Send to

Choose Destination
PLoS One. 2019 May 9;14(5):e0216454. doi: 10.1371/journal.pone.0216454. eCollection 2019.

The effect of paternal cues in prenatal care settings on men's involvement intentions.

Author information

Department of Psychology, Rutgers University, New Brunswick, New Jersey, United States of America.
School of Social Work, University of Michigan, Ann Arbor, Michigan, United States of America.
Department of Obstetrics, Gynecology and Reproductive Sciences, Robert Wood Johnson Medical School, New Brunswick, New Jersey, United States of America.


A father's involvement in prenatal care engenders health benefits for both mothers and children. While this information can help practitioners improve family health, low paternal involvement in prenatal care remains a challenge. The present study tested a simple, easily scalable intervention to promote father involvement by increasing men's feelings of comfort and expectations of involvement in prenatal settings through three randomized control trials. Borrowing from social psychological theory on identity safety, the three studies tested whether the inclusion of environmental cues that represent men and fatherhood in prenatal care offices influenced men's beliefs and behavioral intentions during the perinatal period. Men in studies 1 and 3 viewed online videos of purported prenatal care offices, while men in study 2 visited the office in person. Those who viewed or were immersed in a father-friendly prenatal care office believed that doctors had higher expectations of father involvement compared to treatment-as-usual. This perception predicted greater parenting confidence, comfort, and behavioral intentions to learn about the pregnancy and engage in healthy habits, such as avoiding smoking and alcohol during their partner's pregnancy. Study 3 replicated these studies with an online sample of expectant fathers. The results suggest that shifting environment office cues can signal fathering norms to men in prenatal settings, with healthier downstream behavior intentions.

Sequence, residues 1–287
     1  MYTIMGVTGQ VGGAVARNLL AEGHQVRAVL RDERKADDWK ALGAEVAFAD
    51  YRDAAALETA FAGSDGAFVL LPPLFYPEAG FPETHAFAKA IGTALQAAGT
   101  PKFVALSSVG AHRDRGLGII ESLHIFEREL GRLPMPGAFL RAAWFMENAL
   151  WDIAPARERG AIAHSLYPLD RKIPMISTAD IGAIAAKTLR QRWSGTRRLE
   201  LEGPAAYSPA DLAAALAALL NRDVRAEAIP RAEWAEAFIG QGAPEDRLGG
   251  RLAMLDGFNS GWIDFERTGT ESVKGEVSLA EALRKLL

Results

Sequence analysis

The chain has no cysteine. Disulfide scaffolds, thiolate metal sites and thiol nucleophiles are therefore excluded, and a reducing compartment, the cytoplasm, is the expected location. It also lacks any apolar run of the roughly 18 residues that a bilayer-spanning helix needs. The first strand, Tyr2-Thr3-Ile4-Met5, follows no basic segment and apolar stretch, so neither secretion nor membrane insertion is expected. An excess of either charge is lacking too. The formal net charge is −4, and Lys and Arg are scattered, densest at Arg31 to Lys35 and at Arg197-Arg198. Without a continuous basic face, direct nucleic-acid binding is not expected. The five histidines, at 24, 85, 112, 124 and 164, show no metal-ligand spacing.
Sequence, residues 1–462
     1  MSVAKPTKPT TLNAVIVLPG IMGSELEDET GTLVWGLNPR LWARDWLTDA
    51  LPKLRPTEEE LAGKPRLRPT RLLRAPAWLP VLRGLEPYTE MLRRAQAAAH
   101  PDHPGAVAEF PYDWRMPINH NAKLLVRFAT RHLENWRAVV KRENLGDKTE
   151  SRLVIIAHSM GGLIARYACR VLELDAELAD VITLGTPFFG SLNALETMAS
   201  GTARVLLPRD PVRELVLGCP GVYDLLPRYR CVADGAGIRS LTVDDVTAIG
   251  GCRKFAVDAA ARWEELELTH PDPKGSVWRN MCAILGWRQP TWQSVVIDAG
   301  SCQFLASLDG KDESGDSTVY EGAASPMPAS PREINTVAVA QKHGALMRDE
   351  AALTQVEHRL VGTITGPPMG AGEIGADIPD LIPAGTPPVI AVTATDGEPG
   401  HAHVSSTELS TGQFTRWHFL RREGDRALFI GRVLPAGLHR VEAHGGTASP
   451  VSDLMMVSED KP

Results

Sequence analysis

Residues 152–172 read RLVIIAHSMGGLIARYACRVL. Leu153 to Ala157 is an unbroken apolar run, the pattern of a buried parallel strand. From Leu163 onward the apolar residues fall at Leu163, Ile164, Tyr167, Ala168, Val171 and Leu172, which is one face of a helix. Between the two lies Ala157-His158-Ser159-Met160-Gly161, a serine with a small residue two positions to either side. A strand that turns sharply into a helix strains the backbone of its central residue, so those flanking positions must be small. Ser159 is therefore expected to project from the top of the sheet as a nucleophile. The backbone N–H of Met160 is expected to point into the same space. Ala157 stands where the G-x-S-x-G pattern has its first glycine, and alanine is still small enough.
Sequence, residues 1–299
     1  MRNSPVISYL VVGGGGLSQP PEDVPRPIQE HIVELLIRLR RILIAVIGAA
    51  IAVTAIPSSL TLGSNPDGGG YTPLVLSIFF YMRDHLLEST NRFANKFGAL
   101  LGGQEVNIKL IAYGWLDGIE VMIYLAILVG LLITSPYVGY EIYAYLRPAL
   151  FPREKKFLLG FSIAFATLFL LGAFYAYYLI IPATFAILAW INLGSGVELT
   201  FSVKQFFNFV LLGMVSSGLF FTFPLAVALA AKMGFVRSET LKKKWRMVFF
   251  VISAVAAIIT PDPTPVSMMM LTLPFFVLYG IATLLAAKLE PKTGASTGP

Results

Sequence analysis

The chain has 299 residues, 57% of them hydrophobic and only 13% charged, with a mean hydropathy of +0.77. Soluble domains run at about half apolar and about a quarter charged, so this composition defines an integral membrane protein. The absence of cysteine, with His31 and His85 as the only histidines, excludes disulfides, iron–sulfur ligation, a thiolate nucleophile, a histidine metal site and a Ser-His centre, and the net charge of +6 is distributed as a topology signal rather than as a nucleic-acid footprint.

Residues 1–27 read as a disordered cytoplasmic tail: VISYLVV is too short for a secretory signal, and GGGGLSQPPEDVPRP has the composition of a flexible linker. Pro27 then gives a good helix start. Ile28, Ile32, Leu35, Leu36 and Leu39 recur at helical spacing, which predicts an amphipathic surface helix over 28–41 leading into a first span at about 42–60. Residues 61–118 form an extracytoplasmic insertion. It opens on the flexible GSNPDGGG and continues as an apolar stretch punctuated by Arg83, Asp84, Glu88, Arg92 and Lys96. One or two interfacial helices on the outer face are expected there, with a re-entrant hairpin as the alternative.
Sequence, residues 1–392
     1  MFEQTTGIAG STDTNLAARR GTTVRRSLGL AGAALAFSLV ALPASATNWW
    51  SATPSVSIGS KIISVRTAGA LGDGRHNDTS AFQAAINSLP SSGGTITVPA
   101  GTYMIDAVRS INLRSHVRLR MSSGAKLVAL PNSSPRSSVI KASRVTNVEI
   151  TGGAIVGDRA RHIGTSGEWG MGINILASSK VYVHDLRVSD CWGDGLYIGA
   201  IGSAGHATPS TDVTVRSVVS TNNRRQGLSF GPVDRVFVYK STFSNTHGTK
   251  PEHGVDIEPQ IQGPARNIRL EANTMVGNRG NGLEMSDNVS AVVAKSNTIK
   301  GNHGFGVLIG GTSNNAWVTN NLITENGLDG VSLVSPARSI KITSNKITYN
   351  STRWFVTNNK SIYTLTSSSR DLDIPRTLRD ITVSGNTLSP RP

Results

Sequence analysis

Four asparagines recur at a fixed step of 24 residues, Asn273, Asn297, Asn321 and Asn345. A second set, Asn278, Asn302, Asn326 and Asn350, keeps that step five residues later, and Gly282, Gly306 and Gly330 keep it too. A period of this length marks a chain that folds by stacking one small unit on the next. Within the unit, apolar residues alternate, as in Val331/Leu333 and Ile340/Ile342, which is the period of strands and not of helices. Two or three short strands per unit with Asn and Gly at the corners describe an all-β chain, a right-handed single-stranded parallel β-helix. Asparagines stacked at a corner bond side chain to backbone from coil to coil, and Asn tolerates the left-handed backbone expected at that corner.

Conflict of interest statement

The authors have declared that no competing interests exist.

Supplemental Content

Full text links

Icon for Public Library of Science Icon for PubMed Central
Loading ...
Support Center